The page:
Sudan Unstable: Split Opinions on the Situation As committee focuses on role of international institutions in post secession development and securitisation, Palak Nayyar writes, as debate intensifies over Sudan and South Sudanâ€™s take on the crisis. The ongoing dispute of Sudan and South Sudan over a number of contentious issues, border demarcation, oil revenue sharing and citizenship to name a few, most of them still stand unresolved. Despite a lot of deliberation by the countries in council, no firm solution to the problem seems to have emerged. However, with special emphasis on the role of international institutions on the same, various necessary opinions have come to light. Interference of the United Nations is seen as a positive step towards the initiation of the development and securitisation procedure in the two States. Although, it was also prominent in council that many important countries maintained that direct talks are more vital in the process of negotiation, and will play a greater role than any other foreign institution, under the belief that unless there is internal peace and clarity of issues, foreign aid of any kind shall not prove to be of considerable important. Also noteworthy is the fact that the issue of the oil dispute was raised prominently in council. An important statement regarding betterment of oil transportation was raised, which pointed directly to a possibility of economic stability. Sudan claims Abyei to be an illegally and forcefully acquired territory, thus implying an obvious bias in oil revenue -sharing . South Sudan also seeks financial aid from the eleven countries that promised the same in UNDP, but never reverted back. Countries in Council also believe that both the States need crucial technical support, which seems about right, majorly because, despite being fairly rich in oil resources, the States havenâ€™t quite figured out how to make the optimum use of it. According to facts, 98% of the Sudanese economy constituted oil production, which is why it is high time the States solve their disputes regarding territory and citizenship and move into a peaceful agreement regarding oil revenue sharing to back their economies that are already moving towards disasters. The economies of both the countries are stake because the pile-up of the internal issues has grown even more complex for infant governments to handle. Citizenship, for instance, has put the entire Sudanese population into a major dilemma regarding their new nationality.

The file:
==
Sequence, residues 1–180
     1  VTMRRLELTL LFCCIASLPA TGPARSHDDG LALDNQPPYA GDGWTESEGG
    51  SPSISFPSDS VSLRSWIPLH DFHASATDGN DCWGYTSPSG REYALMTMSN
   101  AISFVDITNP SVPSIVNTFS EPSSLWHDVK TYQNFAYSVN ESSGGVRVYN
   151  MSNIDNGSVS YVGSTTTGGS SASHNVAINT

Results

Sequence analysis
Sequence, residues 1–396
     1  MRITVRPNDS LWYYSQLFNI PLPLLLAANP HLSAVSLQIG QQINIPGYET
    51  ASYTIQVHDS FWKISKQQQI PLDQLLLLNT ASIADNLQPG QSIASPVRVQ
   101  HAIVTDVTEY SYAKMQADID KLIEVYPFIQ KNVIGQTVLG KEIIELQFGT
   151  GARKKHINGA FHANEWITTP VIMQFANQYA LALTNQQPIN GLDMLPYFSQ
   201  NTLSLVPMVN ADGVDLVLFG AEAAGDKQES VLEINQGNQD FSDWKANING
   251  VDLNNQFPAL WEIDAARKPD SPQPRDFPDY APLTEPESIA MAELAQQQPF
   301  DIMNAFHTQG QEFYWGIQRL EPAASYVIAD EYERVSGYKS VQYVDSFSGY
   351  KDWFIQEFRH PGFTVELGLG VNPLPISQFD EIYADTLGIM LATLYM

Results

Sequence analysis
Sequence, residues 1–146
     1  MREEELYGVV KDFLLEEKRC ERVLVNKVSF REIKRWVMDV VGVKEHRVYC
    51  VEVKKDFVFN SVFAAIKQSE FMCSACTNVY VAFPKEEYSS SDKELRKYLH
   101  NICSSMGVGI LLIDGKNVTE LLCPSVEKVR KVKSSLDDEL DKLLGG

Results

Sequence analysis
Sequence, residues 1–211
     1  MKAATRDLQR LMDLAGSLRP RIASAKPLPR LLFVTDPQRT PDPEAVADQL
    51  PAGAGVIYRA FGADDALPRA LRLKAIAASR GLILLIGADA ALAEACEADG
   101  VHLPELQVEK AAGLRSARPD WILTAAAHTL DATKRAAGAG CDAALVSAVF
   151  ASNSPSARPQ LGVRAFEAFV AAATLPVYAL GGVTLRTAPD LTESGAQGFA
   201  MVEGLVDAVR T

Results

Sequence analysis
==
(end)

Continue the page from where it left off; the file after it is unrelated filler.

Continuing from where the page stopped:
The cost of independence has to be compensated by putting forward sterner and realistic resolutions to help balance the stumbling Nations.
Se cur it y C oun ci l
Uncertainty shades, Execution becomes a Priority
Debate on the Israel-Palestine issue finally seems to fall in place as international community joins in to solve in the crisis. Amlan J. Das writes from the UNSC It is exactly the simulation of the age old Israel-Palestine conflict, as allegations pour in with support, shattering the Israeli counterparts. “It was this very Security Council which suggested the Right to Return and now Israel disagree to it”, Palestine yelled, which comes in as no surprise, as this has been on for last few decades. The economic blockage and the wall built by Israel in and around the Gaza strip have instigated enough of raised eyebrows around the world. With media reports suggesting the pitiful condition of the Palestinian settlements in Gaza, it was very evident that charge would definitely fall upon Israel The charged country though seem to be trying to justify their construction by lamenting it as an issue regarding the protection of its civilians from militant attacks, and not because of accused economic blockage. The world community simply doesn’t seem to buy it. The only relief for the state of Israel comes in form United States when mighty country accused Iran of supplying monetary aid to HAMAS to carry out attacks. But the echo of the refugee and blockage issue were strong enough to divert any other counter allegation off track. China has always been a factor of immense significance, all due to its non conventional outlook on the